What is Applied Behavior Analysis (ABA)?
Behavior Analysis is a science which explains the principles of how learning takes place. Based on these principles Behavior analysts have developed many techniques for increasing socially important behaviors, as well as developed strategies to reduce behaviors that might be harmful. Across decades of research these principles and techniques have been applied with many different kinds of learners in acquiring many different skills – from healthier lifestyles to the mastery of a new language.
Essential to both research and clinical practice of ABA is the measurement of progress through data collection so that an objective standard by which to measure progress is established.
Who practices ABA ?
Behavior Analyst Certification Board has set high & stringent standards for Professional Behaviour Analysts to practice application of behavior analysis principles in various settings. ABA practicing professionals engage in many hours of course work, field work and exams before working independently. Ongoing certification is maintained through the earning of continuing education credits from approved courses. Only through these processes can the high ethical and success standards set by the science be maintained.
How is ABA used to teach children with Autistic Spectrum Disorder?
Typically developing children learn skills such as language, play and social interaction without any intervention. The world we live in provides the right conditions for them to learn naturally. Children with Autistic Spectrum Disorder (ASD) and Developmental Delay also have potential to learn many skills but they find these much more difficult to learn from their environment.
Applied Behavior Analysis as an intervention teaches us how to create a motivating yet structured environment where conditions are optimized for the child with autism to learn so that they can acquire the same skills as typical children.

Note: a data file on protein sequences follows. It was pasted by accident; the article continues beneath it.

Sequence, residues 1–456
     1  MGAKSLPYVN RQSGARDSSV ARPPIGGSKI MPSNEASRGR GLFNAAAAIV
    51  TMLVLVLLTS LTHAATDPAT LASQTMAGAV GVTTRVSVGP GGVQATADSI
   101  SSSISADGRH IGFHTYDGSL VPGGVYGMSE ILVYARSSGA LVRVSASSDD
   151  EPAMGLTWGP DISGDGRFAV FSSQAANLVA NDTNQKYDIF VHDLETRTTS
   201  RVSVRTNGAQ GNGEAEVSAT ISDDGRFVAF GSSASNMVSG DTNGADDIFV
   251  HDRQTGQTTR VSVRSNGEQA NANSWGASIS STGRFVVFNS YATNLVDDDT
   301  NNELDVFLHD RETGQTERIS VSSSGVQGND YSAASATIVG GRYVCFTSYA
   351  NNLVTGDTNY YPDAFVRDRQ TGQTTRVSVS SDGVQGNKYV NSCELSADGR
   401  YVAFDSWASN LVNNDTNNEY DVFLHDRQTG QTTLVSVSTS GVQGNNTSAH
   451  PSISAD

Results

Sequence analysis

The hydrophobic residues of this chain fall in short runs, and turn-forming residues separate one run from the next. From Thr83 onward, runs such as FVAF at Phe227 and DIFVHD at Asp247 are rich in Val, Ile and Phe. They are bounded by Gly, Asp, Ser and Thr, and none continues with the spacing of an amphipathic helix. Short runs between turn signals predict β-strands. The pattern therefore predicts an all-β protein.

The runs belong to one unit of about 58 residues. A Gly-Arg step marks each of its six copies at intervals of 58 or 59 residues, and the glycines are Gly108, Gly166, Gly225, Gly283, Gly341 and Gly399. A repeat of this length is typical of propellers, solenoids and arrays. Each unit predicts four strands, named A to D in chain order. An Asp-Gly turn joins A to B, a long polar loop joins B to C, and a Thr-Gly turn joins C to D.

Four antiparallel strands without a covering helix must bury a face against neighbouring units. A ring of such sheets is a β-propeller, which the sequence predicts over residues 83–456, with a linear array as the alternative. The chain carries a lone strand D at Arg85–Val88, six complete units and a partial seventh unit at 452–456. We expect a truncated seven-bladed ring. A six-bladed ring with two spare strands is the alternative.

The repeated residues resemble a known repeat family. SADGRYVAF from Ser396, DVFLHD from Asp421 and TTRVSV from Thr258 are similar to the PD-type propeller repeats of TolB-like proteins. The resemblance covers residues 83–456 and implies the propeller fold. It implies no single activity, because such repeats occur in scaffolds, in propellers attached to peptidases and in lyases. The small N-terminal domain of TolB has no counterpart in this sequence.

How are ABA principles practiced at BMI ?
The principles of ABA are used at BMI to create conditions necessary to maximizing learning;
- new skills are taught in such a way that learning is errorless and therefore rewarding for the student,
- skills are introduced systematically so that the students is confident with the prerequisite skills before being taught new skills,
- teaching targets are highly individualized and monitored daily through data collection to ensure progress is ongoing,
- positive behaviors are always rewarded and therefore increase,
- teaching is provided both in a structured setting, such as at a table with specially designed materials, and in the natural environment in which the skill will typically be used,
- data is taken and analyzed so as to determine when skills have been mastered so that rapid progress can be maintained.
- challenging behavior observed at the BMI center is monitored through functional assessment. In case it is required to do a functional analysis, a BCBA is directly involved in the FA. This is followed by a Behavior Intervention Plan (BIP) and staff training for the implementation of the plan to reduce challenging behaviors.
The ultimate goal of a behavioral approach to teaching children with Autism is that they will learn how to learn on their own from the natural environment. Applied behavior analysis is the process of systematically applying interventions based upon the principles of learning theory to improve socially significant behaviors to a meaningful degree, and to demonstrate that the interventions employed are responsible for the improvement in behavior (Baer, Wolf & Risley, 1968; Sulzer-Azaroff & Mayer, 1991).